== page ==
Mediterranean and Near Eastern Studies

The cultures of the Mediterranean and Near East have exerted a formative influence on identity and practice in a number of religious traditions, including Judaism, Christianity, and Islam. Students in this concentration are invited to learn a variety of disciplinary approaches to the study of religion as part of the cultures of the Mediterranean and Near East. Although there are no chronological limits to the focus of this concentration, the course offerings focus primarily on ancient and medieval cultures and languages. The subjects studied through a variety sources including textual, linguistic, material, geographic, and visual evidence. The courses offer a variety of approaches drawn from the disciplines of history, philology, visual arts, literary analysis, gender analysis, biblical studies, post-colonial studies, and the social sciences. Students are particularly encouraged to diachronically examine the reception and intersection of cultural and social forms and institutions.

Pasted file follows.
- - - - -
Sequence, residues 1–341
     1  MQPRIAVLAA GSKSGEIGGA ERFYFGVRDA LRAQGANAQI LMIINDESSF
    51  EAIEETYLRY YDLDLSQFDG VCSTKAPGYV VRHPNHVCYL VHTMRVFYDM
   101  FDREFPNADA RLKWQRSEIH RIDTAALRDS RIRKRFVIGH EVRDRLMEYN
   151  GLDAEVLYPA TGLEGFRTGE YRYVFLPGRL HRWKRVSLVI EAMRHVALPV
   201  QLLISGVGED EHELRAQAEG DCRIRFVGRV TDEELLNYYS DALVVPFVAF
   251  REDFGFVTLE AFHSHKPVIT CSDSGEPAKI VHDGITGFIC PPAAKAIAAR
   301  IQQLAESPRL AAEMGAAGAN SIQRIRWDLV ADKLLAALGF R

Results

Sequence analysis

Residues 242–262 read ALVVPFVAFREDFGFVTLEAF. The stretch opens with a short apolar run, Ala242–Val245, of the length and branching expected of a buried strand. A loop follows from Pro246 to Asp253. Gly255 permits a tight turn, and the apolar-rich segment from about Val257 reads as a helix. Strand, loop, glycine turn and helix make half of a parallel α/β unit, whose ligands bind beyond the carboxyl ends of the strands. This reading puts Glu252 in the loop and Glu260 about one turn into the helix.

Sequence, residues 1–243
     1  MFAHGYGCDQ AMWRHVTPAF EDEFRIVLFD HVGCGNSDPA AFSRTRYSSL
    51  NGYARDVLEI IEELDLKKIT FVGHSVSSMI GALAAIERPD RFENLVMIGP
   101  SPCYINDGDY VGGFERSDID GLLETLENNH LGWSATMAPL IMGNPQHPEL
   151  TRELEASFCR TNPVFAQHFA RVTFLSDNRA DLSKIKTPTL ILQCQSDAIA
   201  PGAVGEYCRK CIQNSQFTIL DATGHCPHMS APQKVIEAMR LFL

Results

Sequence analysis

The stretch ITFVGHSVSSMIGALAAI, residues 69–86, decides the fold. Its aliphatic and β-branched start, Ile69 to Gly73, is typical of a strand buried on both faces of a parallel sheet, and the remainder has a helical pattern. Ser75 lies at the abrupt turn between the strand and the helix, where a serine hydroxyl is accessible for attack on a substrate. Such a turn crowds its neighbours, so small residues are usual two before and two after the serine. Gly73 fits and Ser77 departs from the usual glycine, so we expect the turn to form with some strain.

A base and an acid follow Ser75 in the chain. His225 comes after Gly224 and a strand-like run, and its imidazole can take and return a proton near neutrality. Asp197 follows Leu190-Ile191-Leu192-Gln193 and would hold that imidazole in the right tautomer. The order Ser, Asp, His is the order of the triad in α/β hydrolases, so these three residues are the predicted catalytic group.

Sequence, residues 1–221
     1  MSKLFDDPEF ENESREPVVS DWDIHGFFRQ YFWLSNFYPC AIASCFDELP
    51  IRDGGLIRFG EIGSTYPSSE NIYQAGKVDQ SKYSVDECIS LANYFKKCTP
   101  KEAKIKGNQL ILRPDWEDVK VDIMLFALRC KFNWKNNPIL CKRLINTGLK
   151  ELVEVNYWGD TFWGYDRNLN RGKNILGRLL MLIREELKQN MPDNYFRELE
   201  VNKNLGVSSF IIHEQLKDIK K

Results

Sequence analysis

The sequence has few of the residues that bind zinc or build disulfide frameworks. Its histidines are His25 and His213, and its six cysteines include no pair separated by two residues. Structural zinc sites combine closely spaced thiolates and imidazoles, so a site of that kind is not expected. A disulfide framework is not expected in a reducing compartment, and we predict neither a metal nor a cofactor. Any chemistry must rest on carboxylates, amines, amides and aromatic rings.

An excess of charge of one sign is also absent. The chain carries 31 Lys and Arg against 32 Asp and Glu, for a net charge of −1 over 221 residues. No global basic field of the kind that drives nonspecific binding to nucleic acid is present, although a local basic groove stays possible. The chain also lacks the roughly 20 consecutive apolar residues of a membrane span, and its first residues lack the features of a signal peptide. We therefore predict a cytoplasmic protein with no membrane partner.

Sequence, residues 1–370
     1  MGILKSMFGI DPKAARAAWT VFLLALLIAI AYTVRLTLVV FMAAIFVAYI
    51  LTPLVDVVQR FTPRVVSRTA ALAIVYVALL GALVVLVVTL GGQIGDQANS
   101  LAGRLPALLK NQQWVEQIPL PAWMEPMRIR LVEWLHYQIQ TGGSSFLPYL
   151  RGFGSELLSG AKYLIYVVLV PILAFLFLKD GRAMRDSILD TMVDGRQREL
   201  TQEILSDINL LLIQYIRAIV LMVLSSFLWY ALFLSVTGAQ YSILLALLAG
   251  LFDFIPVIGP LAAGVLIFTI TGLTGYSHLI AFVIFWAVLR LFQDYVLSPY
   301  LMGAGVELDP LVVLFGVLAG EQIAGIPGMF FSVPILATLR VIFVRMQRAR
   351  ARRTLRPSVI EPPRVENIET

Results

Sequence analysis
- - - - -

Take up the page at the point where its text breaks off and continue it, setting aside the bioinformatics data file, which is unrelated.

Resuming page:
• Learning Goals
    • Students will become familiar with the cultural and social history the Mediterranean and Near East as a context for the development of religious traditions.
    • Students will become familiar with textual, philological, and material approaches to the study of the religions of the ancient and medieval Mediterranean and Near East.
    • Students will gain facility in the teaching and research practices use to study the cultures of the Mediterranean and Near East.
  • Required Courses


  • Praxis Fulfillment

    This could be satisfied by archeological work (Maymester courses such as Vanderbilt expeditions at Caesarea Maritima), field education as an undergraduate teaching assistant (at Vanderbilt or another local university), working as a faculty research assistant (e.g. on grant funded research in the digital humanities), or immersion language courses in the Mediterranean or Middle East.

  • Sample Courses

    In addition to courses in multiple ancient languages (such as Akkadian, Syriac, and Ugaritic in addition to Hebrew, Greek and Latin), courses that count toward the concentration include, but are not limited to: